“Sometimes I'm too addicted to golf swing,” Ryu said. "I really try hard to just think about how I’m going to play instead of just how I’m swinging. So I think that’s the thing I really struggle on the golf course and that’s the focus on the golf course.

“I just only realize it just five holes to go,” she said. “So I just told myself, ‘So Yeon, let’s just focus on how I’m playing instead of swing.’ I think that one really help me out.”

The only time Ewart Shadoff played all four rounds since early June, she still didn't get paid. Playing for Team Great Britain in the Olympics against a 60-player field, she tied for 40th.

“This year hasn’t been the greatest for me, and I've been working on a lot breathing just to settle me down. Just saying in my routine today was really important,” she said.

She also has been putting in extra time on the green, and saw that pay off. Ewart Shadoff decided to switch from cross-handed to what she described as a “Tommy Fleetwood claw pencil grip.” It seemed to work, at least for the opening round.

Lexi Thompson, who hasn't won since the ShopRite LPGA two years ago, opened with a 68.

European Tour

Tyrrell Hatton produced a brilliant display of links golf in Scotland on Friday to keep himself on track for a third victory at the Alfred Dunhill Links Championship.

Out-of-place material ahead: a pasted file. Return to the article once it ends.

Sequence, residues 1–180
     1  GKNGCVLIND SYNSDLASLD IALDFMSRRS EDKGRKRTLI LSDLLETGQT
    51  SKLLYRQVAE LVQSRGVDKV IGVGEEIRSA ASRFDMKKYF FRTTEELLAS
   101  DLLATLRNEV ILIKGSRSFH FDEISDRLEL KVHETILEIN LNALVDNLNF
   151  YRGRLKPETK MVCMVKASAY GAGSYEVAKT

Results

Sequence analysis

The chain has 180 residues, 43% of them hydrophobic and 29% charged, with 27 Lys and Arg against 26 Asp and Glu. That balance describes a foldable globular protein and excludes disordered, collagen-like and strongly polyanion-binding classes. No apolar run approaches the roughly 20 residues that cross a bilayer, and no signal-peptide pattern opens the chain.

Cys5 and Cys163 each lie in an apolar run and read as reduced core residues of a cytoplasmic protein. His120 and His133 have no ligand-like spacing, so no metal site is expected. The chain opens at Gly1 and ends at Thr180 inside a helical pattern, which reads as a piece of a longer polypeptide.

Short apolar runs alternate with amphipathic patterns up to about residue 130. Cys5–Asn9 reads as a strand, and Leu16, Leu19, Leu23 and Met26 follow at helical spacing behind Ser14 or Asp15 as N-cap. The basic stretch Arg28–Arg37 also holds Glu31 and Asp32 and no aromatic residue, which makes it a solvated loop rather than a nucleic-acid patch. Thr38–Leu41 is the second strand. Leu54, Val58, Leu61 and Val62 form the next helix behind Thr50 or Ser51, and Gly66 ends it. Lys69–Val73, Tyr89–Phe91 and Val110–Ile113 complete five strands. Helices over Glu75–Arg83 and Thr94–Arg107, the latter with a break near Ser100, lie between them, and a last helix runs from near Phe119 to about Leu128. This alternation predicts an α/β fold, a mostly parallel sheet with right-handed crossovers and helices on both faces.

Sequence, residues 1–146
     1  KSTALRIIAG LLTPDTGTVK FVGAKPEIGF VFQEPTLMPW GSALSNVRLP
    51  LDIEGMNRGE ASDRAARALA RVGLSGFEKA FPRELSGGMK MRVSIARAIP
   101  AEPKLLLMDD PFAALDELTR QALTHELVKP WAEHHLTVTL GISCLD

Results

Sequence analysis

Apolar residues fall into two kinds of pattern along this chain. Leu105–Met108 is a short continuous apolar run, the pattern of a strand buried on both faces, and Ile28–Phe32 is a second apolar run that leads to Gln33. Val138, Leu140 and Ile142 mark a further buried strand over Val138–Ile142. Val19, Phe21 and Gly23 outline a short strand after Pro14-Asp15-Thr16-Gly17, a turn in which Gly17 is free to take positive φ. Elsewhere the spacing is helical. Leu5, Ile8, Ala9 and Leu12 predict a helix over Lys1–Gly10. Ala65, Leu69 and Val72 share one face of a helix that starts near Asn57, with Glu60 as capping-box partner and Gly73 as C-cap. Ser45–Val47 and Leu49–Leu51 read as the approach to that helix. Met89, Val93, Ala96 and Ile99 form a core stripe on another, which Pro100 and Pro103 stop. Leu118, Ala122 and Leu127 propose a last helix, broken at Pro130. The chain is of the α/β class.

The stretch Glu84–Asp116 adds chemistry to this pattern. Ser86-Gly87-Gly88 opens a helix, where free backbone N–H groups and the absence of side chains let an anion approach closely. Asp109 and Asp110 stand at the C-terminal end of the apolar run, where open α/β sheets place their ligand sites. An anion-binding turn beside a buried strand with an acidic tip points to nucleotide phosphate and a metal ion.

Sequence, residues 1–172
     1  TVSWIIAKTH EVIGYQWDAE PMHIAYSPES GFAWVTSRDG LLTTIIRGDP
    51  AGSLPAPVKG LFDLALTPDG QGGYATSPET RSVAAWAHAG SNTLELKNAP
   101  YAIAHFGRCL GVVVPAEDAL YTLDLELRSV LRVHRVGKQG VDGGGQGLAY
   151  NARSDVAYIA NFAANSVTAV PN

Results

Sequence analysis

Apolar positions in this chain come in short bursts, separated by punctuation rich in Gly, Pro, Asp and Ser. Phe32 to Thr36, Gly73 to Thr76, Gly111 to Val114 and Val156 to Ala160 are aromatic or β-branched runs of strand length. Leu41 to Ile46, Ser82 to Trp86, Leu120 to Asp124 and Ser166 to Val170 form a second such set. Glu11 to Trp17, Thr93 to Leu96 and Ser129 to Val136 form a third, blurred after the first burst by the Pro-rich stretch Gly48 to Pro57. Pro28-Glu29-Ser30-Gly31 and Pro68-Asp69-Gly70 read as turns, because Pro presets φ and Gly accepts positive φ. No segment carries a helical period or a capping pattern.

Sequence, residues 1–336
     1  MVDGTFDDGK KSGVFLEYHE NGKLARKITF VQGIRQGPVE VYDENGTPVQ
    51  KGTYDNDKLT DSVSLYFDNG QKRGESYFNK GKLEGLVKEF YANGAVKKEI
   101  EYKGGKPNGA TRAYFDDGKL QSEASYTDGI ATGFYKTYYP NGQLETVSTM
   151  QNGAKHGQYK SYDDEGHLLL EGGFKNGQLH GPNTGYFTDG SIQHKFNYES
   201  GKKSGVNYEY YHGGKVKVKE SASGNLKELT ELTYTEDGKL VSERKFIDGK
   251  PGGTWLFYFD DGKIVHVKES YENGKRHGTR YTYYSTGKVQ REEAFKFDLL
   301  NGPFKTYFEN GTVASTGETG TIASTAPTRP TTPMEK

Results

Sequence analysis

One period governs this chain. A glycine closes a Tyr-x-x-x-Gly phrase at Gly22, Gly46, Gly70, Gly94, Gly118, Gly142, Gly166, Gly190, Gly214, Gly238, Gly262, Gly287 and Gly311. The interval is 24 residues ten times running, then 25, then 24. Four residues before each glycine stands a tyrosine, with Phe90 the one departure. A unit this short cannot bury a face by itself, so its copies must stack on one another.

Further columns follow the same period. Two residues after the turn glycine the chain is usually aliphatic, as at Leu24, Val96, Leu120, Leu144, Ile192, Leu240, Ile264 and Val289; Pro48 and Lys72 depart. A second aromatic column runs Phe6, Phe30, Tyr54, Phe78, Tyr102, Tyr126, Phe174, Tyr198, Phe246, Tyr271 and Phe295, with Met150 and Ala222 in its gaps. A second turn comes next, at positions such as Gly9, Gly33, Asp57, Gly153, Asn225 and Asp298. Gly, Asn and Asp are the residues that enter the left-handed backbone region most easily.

The Englishman, fresh off the 19-9 hammering from the United States in the Ryder Cup, could not have faced a much tougher test as he played the famously difficult Carnoustie on day one and then met high winds at Kingsbarns on day two.

But after posting a sparkling 64 at the British Open venue, he battled to a 70 in the second round to get to 10 under and lead by one heading into a weekend over the Old Course at St Andrews.

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Fellow Englishman Daniel Gavins was his nearest challenger, a shot clear of 2016 Masters champion Danny Willett and China's Li Haotong.

“I was fortunate at times where, when I did hit a bad shot, I didn't end up in too much of a dodgy position,” Hatton said.

Starting at the 10th, Hatton turned in level par with three birdies and three bogeys but back-to-back gains on the sixth and seventh took him to the top of the leaderboard.

Gavins carded a 68 at Carnoustie, Willett signed for a 69 at Kingsbarns, and Li recorded a 72 at St Andrews to make his first cut in 14 events this year.

Hatton’s Whistling Straits teammate Tommy Fleetwood sat at 7 under alongside Dane Jeff Winther, one shot clear of a group containing another Ryder Cup player in Ireland’s Shane Lowry, his countryman John Murphy, Scot Ewen Ferguson, and England’s Oliver Fisher.